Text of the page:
Picture the African continent without its 214 million annual cases of malaria. Or South America devoid of the scourge of the new terror of the Zika virus. Or developing nations in the tropics not spending hard-won resources fighting dengue fever, an illness so painful that it’s also known as “break-bone fever” because at its height it feels like your own bones are breaking inside your body.
Picture it happening because scientists could do it. Today.
Through an emerging scientific process called gene drives, scientists could alter the genetics of mosquitos to prevent them from passing along these diseases to the human population. Someday, scientists could use the technology we have now to alter humanity to make us all more cancer resistant, for example. But the gene drives—and the power they create—are so controversial and riddled with moral and ethical scientific dilemma that the world has collectively slow-tracked their use.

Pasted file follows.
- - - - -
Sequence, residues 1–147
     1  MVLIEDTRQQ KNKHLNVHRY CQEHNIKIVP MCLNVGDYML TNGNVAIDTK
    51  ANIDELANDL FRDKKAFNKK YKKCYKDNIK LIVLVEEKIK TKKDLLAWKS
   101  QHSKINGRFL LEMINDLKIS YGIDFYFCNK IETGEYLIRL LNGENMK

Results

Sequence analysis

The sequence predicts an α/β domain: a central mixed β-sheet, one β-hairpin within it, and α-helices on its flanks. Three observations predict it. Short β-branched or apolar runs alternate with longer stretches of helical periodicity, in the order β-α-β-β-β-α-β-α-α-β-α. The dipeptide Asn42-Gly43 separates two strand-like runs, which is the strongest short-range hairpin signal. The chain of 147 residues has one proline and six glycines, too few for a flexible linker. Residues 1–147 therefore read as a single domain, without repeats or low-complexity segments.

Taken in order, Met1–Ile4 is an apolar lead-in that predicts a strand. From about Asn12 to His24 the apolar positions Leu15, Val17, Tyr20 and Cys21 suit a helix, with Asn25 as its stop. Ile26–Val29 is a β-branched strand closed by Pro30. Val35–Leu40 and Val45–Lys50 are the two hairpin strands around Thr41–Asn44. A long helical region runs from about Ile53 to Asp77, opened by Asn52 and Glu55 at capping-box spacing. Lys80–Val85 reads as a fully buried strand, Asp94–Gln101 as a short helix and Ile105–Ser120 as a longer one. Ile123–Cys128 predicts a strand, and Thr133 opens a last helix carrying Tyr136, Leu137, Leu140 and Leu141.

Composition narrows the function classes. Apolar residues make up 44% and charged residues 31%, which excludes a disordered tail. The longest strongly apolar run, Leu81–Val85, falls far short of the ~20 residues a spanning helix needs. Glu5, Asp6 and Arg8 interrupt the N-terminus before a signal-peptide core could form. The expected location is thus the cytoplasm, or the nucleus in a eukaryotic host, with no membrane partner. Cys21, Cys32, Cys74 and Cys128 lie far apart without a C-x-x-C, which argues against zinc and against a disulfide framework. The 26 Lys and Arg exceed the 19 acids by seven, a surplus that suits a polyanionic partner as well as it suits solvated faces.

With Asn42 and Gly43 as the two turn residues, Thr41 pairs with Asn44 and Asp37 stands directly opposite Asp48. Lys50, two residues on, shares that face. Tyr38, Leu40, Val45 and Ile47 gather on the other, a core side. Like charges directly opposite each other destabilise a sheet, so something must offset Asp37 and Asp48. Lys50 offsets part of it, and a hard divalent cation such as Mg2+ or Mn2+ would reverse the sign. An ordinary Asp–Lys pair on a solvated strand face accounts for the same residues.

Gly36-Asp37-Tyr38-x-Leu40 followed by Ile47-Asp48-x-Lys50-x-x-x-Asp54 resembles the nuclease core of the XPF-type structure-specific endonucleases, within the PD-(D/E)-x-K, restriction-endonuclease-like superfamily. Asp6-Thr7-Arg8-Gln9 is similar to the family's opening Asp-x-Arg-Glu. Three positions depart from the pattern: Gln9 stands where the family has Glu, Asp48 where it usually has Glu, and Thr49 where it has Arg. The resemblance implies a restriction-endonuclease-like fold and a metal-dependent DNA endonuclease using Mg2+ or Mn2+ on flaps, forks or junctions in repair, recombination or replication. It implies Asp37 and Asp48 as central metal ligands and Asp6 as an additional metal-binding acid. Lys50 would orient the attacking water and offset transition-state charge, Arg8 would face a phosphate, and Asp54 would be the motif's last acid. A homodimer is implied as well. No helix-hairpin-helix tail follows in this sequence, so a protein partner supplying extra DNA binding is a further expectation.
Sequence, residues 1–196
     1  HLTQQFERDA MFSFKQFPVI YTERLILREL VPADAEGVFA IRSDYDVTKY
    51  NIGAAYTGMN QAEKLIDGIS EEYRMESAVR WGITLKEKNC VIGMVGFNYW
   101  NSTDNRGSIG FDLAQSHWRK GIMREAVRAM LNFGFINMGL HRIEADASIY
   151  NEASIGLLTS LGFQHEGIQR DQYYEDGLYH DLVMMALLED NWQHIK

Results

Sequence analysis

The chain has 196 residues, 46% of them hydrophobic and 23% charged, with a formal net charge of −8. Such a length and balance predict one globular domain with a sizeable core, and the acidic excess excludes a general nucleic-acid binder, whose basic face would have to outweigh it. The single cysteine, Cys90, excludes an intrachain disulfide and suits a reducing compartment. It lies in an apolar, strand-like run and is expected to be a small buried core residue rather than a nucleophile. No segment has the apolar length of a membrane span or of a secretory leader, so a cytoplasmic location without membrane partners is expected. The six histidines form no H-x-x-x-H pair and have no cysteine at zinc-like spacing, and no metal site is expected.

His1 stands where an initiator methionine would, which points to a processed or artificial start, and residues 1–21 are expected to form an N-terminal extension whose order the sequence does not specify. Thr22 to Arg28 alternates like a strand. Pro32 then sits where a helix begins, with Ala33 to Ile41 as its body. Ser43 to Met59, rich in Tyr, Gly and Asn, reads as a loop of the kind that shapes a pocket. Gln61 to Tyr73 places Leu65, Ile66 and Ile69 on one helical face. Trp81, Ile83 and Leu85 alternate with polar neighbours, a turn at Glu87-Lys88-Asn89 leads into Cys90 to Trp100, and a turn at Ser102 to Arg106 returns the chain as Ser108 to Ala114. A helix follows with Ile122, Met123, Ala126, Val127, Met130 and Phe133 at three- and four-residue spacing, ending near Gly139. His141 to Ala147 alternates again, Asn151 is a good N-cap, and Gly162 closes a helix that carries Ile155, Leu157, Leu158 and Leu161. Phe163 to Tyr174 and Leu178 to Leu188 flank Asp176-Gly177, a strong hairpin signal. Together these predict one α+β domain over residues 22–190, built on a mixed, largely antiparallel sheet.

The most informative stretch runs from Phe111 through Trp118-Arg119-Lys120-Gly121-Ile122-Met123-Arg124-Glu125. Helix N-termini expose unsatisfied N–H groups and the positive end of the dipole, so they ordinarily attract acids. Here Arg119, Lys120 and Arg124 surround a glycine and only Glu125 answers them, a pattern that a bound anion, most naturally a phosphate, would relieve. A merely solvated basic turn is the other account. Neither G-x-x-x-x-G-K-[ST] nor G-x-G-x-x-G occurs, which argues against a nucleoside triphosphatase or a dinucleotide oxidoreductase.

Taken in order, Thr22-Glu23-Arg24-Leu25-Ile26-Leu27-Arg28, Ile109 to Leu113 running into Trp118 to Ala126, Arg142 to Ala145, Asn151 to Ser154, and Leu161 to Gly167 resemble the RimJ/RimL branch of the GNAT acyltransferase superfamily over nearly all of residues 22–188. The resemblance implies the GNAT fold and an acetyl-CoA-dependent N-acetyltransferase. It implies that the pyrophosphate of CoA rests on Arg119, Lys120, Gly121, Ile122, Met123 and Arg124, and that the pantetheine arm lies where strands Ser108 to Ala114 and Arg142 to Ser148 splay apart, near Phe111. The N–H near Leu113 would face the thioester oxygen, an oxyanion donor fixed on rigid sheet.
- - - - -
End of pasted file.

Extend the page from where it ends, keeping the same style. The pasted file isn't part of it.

“Part of you thinks, ‘What’s not to like?’ It’s that important a breakthrough,” says Western’s Wayne Landis, a national expert on environmental risk assessment. “Then you start to think of the implications, of the potentialities, and it makes you take a step back and think about it a little more. Or a lot more.”